Some of my clients are human health care providers. They are knowledgeable, dedicated, caring, professionals - and they are tired.
"I always thought I was a hard worker," an obstetrics nurse lamented to me last week. "But since Zika popped up? The testing, the questions, the walk-ins, the non-stop calls and emails - I’ve never worked so hard in my life. People are really scared."
Indeed they are. But when the calls and emails began coming into my office, I began to realize just how much fear was out there. So is the fear justified? Should pet owners be worried about Zika?
Most pet parents are aware that mosquitoes can transmit deadly heartworm disease to their pets. More still understand that certain pathogens can be passed from animals to humans. So where does Zika fit in? Let’s take a look at some of the most commonly asked questions.
Is my pet in any danger from Zika?
It is important to note the research on Zika is ongoing. The scientific community does not claim to know everything there is to know about this disease. That said, both veterinary researchers and the Centers for Disease Control and Prevention have stated that illness caused by the Zika virus has not been seen in dogs or cats. For this reason, Zika is not expected to become a problem within the pet population of the United States.
Even if my pet cannot become ill from Zika, can he still be a carrier for the disease?
Carriers, or more accurately "reservoir hosts" can carry a disease within their bodies without ever developing clinical signs. These hosts will often carry the disease for long periods of time. While they themselves do not fall ill, they are nonetheless capable of transmitting the illness to other organisms. Our most current knowledge of Zika suggests that only humans and non-human primates are capable of carrying a high viral load of of the disease within their bloodstreams. So even if your your pet is bitten by a mosquito carrying the Zika virus, your pet’s body would not provide an environment which would allow the virus to survive. The CDC has stated, "At this time, animals do not appear to be involved in the spread of Zika virus."
I have a champion show dog whom I’d like to breed. Should I be worried about birth defects in her puppies? Should I wait to breed her?
Very little official research has been done on this topic, but as of this writing, there are no known cases of Zika-linked microcephaly in baby animals. This is yet another reason scientists are not convinced Zika poses a risk to our pets - the absence of clinical signs of the disease in puppies and kittens born in Zika zones suggests their mothers are not becoming infected. While more research is needed, it is not likely that pets born in a Zika zone will be born with Zika-related birth defects.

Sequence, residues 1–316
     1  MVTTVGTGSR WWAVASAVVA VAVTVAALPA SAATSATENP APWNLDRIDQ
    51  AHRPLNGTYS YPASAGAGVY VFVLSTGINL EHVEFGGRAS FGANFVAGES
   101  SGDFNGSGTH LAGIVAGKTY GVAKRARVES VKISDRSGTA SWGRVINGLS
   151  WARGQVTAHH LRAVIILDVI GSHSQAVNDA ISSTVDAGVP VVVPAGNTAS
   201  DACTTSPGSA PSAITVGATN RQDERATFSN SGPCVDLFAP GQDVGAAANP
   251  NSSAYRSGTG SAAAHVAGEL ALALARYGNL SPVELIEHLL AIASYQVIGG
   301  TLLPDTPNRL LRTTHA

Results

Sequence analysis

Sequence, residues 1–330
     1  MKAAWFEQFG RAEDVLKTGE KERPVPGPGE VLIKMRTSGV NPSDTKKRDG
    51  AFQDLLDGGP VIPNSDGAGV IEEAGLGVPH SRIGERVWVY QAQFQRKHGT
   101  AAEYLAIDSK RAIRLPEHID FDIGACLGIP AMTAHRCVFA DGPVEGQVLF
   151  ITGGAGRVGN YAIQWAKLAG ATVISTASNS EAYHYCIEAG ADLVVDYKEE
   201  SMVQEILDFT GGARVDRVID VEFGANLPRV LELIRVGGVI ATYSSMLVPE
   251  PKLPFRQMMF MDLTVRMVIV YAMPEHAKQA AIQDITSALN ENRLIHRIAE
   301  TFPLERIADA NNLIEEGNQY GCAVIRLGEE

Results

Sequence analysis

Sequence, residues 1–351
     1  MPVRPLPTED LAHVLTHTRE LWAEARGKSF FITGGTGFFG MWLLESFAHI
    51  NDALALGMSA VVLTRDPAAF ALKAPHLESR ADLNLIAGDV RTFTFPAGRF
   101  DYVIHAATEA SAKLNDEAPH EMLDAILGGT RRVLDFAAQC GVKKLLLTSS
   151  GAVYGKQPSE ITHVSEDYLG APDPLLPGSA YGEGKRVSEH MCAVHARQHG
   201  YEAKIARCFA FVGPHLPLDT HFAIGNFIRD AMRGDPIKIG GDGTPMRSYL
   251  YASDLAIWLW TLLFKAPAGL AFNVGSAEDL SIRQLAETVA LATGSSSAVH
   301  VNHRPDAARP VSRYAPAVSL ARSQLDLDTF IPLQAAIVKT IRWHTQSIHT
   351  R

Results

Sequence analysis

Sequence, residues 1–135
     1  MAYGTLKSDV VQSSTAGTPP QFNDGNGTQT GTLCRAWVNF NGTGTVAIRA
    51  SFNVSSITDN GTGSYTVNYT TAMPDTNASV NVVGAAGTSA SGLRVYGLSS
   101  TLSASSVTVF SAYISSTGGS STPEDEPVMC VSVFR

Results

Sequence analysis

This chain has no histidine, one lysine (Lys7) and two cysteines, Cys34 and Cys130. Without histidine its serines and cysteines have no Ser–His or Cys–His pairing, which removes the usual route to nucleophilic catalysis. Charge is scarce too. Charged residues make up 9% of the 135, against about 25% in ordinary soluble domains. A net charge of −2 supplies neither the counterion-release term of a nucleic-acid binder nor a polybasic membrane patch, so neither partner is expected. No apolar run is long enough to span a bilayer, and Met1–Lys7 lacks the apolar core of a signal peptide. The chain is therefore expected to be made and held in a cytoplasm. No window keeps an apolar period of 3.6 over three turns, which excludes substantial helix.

Should I get my pet tested, just to be on the safe side?
Because researchers do not believe that dogs and cats either transmit Zika or fall ill from it, no veterinary diagnostic labs offer Zika testing for pets at this time. But make no mistake - the scientific community is watching Zika very carefully. If the virus evolves, protocols may change, in which case, testing could theoretically become available for our pets. At this point in time, however, officials are not recommending Zika testing for pets.
I’ve been using a DEET-based mosquito repellant for myself. Can I spray that on my pet as well?
Absolutely not! DEET toxicity is a common reason for trips to the pet emergency hospital. Dogs exposed to DEET can exhibit a range of clinical signs from corneal damage, to gastrointestinal upset, to seizures. Cats are at an even greater risk as their first instinct is groom the offending products from their bodies via licking. This results in twice the exposure to the toxin. If your pet has ingested or has been sprayed with DEET, call the Pet Poison Hotline or go straight to the nearest veterinary facility.
What about garlic tablets? Garlic is a natural mosquito repellant!
For dogs and cats, garlic, while natural, is also deadly. Garlic, onions, and all other members of the allium family cause a dangerous blood disorder called Heinz body anemia when ingested by dogs and cats. Pets with this condition often require blood transfusions. When left untreated, Heinz body anemia is fatal.
There is still much research to be done on Zika, and scientists are working round the clock to better understand and combat this disease. For more information on Zika and animals, visit the CDC’s website, and keep checking NBC 6 for any news or updates as they become available.
To visit the NBC6.com "All About Animals" section, click here.
Do you have a question for Dr. Kupkee?
Dr. Kupkee is the lead practitioner at Sabal Chase Animal Clinic
Do you have a question for Dr. Kupkee? Send him an email by clicking here.
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